Local Allotment Visit

The other day I was asked to pop along to some new local allotments. Basically an unused field in a village has been divided up into plots. Apparently S4C have been filming their development but I hadn’t seen any of the programmes. Not speaking Welsh, I can’t say it’s a channel I switch to often.

Stones and More Stones

Stones removed from a couple of beds.

It does strike me they could attract much bigger audiences if they used the technology to provide English sub-titles or dubbing on a sub channel. I’m sure some of the programmes are really interesting if only I knew what they were on about.

Anyway, back to the local allotments. What the plotholder wanted was some general advice and guidance which I was happy to give, for what it’s worth. Now this wasn’t a one way street, I actually learned a valuable lesson too.

Like my soil, their soil is stony ground. I mean really stony, ranging from pebbles through lots of tennis ball sized stones to boulders that take two people to lift. I’ve discovered that an ordinary digging spade is of little value, the blade hits the stones and you can’t get a good spit deep. The answer to that problem is to use a mattock and I’ve recently got a Sneerboer pointed spade which is great for splitting new ground, slicing through turf with matted grass roots and pushing the smaller stones to the side. Even the solid, heavy stainless-steel blade won’t go through house-brick sized stones of course.

Herb Bed

A lovely Herb Bed but that rosemary is going to grow considerably.

So, what to do? The answer is to sift the soil. Yes, it’s an awful lot of work but once an area is cleared, it’s a job done. Their novel soil sifter is to use old supermarket shopping baskets. The mesh is about the right size, allowing the smaller stones through which help the land to drain but holding back the larger stones.

From what I was told, you need to watch out for developing tennis elbow and bleeding knuckles from shaking and shaking the basket. My neighbours up the hill have the same stony soil problem but they’ve built a sieve.

It’s basically a wooden frame with wire netting stretched across, supported on legs and angled. Attached to the side is a reciprocal saw without the blade, that causes the frame to vibrate.  So, one wheelbarrow under the net collects the sieved soil and one at the end collects the large stones. All you need to do is shovel the un-sifted soil onto the frame. Seems like a winner to me, still hard work but not as hard as manually shaking the soil through.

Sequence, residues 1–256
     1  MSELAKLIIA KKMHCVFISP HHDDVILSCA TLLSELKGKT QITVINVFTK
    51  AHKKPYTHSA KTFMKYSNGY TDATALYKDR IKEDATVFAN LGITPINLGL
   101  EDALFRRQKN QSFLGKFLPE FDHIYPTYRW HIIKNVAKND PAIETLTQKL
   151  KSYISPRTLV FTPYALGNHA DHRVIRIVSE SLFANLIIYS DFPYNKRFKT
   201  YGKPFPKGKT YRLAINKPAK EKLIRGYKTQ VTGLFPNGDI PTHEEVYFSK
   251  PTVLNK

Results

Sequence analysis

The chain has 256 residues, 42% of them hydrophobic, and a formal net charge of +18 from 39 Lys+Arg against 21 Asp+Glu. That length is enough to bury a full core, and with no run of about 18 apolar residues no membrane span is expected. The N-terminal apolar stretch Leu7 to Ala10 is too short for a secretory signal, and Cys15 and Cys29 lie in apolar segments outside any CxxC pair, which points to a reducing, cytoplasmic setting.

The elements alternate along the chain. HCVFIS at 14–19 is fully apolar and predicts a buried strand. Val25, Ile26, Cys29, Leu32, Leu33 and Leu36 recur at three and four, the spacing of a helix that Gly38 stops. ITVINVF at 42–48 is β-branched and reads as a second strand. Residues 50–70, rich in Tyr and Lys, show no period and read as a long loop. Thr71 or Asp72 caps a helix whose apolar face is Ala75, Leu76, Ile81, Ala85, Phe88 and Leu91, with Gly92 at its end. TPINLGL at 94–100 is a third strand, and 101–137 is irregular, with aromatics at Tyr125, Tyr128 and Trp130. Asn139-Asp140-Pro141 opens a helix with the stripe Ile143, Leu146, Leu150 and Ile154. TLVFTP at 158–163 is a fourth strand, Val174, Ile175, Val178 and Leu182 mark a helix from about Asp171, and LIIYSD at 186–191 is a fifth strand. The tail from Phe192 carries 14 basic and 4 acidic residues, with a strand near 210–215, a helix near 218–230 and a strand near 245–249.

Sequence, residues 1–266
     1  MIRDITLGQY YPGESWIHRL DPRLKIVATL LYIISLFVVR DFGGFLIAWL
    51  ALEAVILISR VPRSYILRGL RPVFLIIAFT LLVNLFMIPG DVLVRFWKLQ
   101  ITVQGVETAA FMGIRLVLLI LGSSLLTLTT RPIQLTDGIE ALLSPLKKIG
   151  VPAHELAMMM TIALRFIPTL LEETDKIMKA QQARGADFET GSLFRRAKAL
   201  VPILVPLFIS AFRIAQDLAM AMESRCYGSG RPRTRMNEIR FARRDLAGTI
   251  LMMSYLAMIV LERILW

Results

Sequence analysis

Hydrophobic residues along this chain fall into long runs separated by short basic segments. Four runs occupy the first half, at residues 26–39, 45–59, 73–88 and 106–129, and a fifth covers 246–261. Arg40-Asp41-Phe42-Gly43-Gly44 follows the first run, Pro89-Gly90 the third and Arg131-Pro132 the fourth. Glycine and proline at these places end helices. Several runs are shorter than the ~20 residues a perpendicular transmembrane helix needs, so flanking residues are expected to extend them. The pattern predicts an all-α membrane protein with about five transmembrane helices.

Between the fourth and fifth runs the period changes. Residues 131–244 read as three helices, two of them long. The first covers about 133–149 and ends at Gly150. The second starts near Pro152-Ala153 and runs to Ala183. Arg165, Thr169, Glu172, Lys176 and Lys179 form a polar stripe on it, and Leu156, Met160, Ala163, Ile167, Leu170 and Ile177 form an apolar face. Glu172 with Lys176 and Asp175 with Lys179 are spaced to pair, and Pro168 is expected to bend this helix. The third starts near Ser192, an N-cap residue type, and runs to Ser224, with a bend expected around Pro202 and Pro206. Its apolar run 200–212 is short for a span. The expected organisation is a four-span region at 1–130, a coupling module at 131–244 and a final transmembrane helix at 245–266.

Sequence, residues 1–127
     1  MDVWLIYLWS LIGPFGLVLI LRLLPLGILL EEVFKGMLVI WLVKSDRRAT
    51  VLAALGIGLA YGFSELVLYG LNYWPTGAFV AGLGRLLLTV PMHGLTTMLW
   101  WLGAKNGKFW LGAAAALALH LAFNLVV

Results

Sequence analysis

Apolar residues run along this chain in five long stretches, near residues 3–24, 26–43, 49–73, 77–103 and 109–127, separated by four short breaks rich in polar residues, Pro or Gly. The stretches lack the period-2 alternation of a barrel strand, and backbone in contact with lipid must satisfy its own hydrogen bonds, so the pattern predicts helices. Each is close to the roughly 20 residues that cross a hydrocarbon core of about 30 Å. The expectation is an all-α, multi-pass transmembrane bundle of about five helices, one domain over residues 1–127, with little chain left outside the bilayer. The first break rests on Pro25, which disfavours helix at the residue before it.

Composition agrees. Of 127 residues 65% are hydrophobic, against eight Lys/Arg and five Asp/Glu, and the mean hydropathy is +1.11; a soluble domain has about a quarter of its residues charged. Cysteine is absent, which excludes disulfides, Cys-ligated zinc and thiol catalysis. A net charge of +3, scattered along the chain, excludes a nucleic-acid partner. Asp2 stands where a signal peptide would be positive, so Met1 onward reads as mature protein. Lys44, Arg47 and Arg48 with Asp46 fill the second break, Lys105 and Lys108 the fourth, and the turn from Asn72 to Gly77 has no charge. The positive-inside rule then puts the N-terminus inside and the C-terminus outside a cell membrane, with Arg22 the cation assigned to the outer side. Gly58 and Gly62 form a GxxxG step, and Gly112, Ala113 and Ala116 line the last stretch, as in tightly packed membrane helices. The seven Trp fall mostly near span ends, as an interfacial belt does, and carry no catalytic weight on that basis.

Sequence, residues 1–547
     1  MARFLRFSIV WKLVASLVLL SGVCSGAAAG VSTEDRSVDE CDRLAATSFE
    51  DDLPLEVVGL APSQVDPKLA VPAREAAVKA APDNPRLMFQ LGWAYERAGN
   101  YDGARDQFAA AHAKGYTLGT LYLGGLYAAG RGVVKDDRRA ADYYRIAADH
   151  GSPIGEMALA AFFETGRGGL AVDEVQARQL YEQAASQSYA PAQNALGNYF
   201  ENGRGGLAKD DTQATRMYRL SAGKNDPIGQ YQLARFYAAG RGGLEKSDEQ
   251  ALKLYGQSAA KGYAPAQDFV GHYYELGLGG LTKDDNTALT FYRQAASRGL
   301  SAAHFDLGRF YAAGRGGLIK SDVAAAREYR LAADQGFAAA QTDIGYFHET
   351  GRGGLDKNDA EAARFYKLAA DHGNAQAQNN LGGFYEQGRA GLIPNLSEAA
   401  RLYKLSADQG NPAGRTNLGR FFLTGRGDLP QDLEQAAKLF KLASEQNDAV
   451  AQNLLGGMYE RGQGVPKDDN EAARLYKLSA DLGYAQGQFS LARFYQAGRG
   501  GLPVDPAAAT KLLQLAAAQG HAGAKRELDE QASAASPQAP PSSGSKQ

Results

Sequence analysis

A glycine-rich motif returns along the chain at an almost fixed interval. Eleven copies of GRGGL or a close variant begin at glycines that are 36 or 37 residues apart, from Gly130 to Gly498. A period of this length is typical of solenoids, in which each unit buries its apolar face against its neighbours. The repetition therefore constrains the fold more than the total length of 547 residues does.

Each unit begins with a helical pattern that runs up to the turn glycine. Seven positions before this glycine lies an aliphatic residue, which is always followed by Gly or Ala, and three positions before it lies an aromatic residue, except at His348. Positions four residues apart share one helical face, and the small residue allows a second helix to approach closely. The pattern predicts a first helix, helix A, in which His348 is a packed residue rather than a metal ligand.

Beginners Errors

Looking around the plots I noticed a few things people were going wrong on. So my top 3 beginners mistakes.

Fancy Raised Beds

Very Fancy Raised Beds for the allotment.

Spacing too close

Cabbages and other brassicas, sweetcorn were the main victims of this. When you plant out a seedling even six inches apart seems a large distance yet once they leap into full growth they need a lot more. For sweetcorn and most of the cabbage family I’d go for 18″ apart.

Even if space is limited and you’ve more that you could squeeze in, don’t. Better to get 4 good cauliflowers than 8 that don’t achieve anything like their potential. Of course some varieties are suited for closer spacing than others but generally follow the advice on the seed packet and you’ll get a better crop.

Lack of nutrients

Herb Bed

A lovely Herb Bed but that rosemary is going to grow considerably.

It takes years to get soil into good heart with plenty of organic matter, major nutrients and micro-nutrients. Keep adding rotted manure and compost and you will eventually get there. In the early days at least, add a bit more food for the plants. As a rule, a handful fish, blood & bone or Growmore per square yard before planting will help no end whatever you’re growing.


An acid soil hangs onto it’s nutrients so the plants are hungry and crops poor. Adding lime and taking the soil to neutral is of as much benefit as adding fertiliser. You can buy soil test kits for a few pounds and they’re worth every penny. Adding lime releases the nutrients to the plants and particularly with brassicas has a huge effect on growth.


Posted in Allotment Garden Diary

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